Site Furnishings

Manufacturers of pedestal deck systems also offer coordinated, modular elements that are designed to integrate with their deck systems while giving the architect complete design flexibility. Modular wood cubes are available with an array of design options to incorporate seating, storage, and planters. Such cubes are available with a polyurethane lining and drainage holes to host plant life. At other times of the year, the cubes can be repurposed for seating and storage of seasonal items (i.e., cushions and pillows) by placing a manufactured hardwood top on the cube.

If a different look is desired, aluminum cubes are also an option. Designed to withstand temperature extremes, these low-maintenance, durable planters are constructed of lightweight, partially recycled aluminum. Some use an industrial strength powder-coated finishing process that is applied electrostatically and cured under heat, creating a more resilient finish than conventional paint. There are a variety of size and color choices available.

Overall, complete, coordinated modular deck systems as described here can be designed and specified to create attractive, durable, and sustainable outdoor spaces.


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Originally published in Architectural Record
Originally published in June 2021


Health and Safety in Hospitality and Retail
Buyer's Guide
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Bison pedestals are manufactured in Denver with 20 percent post-industrial recycled materials and have patented features that improve performance and stability. These versatile, adjustable-height pedestal deck systems create level rooftop decks over sloped surfaces, support a variety of different surface materials, and can be installed over any structural surface.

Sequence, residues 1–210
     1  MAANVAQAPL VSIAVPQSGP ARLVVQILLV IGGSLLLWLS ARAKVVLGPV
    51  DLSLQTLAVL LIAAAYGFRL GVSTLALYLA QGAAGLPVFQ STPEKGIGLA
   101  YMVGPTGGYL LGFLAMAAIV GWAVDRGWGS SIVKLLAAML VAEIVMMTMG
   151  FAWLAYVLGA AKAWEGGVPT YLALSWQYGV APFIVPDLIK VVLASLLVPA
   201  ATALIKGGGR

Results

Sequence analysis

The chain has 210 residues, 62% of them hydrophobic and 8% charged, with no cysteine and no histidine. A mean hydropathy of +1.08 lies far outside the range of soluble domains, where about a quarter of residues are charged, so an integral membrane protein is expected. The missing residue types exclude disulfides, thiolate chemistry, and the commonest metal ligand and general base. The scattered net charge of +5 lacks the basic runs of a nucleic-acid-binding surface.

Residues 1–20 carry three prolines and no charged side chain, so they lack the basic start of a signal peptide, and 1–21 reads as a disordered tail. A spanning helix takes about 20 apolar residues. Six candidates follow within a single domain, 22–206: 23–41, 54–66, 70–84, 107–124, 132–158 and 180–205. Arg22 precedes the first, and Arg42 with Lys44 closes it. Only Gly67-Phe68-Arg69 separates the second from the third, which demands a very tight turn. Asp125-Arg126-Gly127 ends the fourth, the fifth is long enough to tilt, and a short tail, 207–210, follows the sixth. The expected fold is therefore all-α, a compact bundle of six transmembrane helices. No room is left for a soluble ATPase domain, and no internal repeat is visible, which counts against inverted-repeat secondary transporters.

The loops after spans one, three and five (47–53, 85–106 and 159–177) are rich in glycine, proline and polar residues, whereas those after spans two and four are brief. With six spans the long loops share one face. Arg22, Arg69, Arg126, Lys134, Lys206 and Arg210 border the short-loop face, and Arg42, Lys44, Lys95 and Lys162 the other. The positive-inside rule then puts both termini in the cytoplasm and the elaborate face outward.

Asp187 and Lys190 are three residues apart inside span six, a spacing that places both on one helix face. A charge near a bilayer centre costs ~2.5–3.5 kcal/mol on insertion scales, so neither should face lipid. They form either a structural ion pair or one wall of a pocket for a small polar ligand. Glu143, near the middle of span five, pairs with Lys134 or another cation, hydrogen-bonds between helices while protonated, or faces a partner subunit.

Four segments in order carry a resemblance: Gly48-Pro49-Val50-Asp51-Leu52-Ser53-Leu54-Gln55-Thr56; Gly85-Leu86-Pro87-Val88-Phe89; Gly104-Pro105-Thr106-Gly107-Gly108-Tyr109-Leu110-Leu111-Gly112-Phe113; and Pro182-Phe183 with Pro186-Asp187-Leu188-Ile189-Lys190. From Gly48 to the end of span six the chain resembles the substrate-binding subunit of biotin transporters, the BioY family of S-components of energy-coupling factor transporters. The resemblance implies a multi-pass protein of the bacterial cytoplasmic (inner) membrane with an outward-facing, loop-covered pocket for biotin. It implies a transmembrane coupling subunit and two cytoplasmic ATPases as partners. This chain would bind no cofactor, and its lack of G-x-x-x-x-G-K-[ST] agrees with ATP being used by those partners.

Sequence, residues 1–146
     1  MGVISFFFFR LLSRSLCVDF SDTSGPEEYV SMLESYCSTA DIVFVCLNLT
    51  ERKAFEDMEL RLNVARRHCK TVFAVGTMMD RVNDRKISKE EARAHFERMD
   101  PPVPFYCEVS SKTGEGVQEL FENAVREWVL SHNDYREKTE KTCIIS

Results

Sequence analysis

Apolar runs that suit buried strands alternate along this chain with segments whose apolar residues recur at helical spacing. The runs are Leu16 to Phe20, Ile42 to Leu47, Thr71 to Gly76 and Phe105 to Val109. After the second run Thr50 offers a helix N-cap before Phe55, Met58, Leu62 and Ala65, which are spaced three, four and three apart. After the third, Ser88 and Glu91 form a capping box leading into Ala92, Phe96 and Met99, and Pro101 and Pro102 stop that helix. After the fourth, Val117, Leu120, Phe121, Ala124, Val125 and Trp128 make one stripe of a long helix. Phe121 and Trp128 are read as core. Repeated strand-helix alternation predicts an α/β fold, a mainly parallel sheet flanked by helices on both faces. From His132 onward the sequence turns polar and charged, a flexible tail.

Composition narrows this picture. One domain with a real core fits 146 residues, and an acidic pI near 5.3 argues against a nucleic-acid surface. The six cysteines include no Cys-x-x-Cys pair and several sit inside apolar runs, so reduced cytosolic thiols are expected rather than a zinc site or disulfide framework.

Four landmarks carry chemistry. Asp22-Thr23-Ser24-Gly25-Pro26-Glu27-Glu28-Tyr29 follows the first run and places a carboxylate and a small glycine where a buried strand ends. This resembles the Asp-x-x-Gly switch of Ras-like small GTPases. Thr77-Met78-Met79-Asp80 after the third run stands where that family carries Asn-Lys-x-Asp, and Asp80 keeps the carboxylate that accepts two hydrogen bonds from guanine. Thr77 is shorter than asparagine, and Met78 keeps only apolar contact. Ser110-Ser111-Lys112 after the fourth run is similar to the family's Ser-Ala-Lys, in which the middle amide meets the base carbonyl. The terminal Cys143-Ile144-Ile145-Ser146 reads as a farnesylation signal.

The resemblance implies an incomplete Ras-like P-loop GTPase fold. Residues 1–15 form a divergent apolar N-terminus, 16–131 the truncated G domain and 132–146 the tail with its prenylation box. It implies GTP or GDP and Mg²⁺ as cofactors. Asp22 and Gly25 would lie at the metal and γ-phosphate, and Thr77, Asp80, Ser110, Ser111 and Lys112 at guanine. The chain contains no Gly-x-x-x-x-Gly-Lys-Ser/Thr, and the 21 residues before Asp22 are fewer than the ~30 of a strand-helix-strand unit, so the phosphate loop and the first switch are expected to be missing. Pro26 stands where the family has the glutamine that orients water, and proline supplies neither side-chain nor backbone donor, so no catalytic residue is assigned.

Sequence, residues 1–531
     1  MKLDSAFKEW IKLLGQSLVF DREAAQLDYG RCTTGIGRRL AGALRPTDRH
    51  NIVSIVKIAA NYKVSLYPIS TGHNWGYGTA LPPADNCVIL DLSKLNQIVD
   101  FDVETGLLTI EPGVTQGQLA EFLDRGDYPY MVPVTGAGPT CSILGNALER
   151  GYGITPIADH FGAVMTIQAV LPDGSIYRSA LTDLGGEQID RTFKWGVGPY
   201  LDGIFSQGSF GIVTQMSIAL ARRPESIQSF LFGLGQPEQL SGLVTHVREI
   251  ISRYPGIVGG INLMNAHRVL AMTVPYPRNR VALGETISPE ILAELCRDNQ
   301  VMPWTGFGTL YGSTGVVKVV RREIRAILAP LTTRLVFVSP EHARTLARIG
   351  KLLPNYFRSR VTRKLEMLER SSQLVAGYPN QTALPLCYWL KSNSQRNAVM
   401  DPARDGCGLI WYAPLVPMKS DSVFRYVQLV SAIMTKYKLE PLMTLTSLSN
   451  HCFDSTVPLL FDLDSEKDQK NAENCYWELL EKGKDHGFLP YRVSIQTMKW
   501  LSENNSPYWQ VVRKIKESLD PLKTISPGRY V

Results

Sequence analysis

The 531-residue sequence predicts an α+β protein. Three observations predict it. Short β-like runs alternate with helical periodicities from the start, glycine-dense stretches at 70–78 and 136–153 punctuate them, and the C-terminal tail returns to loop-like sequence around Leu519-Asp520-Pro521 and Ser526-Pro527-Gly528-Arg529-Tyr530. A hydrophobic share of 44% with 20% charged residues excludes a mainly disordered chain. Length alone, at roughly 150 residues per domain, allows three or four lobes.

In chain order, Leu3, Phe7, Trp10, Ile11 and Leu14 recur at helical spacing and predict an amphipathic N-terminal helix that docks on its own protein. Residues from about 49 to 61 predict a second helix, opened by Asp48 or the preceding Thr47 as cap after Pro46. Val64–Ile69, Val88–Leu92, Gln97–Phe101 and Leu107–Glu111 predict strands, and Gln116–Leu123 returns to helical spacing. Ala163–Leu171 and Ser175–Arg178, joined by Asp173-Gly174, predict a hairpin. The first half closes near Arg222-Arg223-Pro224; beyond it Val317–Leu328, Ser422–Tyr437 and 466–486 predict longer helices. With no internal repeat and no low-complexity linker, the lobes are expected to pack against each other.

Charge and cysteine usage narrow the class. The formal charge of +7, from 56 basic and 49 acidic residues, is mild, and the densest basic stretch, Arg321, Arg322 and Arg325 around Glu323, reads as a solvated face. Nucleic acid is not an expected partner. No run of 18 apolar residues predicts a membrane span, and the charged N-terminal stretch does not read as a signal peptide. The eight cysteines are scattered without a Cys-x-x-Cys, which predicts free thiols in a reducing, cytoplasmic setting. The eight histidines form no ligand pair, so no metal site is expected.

Bison Innovative Products
Security Door
The StoreDefender Door is specifically designed for a moderate attack of three or more bad actors with hand tools in a retail application. It features an 18-gauge curtain, 6-inch heavy-duty bottom bar, tamper-resistant fasteners, and continuous cast end locks that keep the curtain in the guides during crowd pressure.
High-Performance Commercial Ventilation
A high-performance energy-recovery ventilator, Lossnay® RVX uses a low-maintenance, cross-flow energy-exchange core constructed of a specially treated cellulose fiber membrane to perform temperature and humidity exchange. Designed to help meet ventilation and indoor air-quality requirements, the RVX can also adjust fan speeds for demand-control ventilation. MERV 16 filters available.
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Extruded Aluminum Trim
Clean, modern lines can be achieved by using extruded aluminum trim in projects—and it can save money. With lumber prices currently through the roof, aluminum is a budget-friendly option that can bring projects to new levels with the many finish options that are available.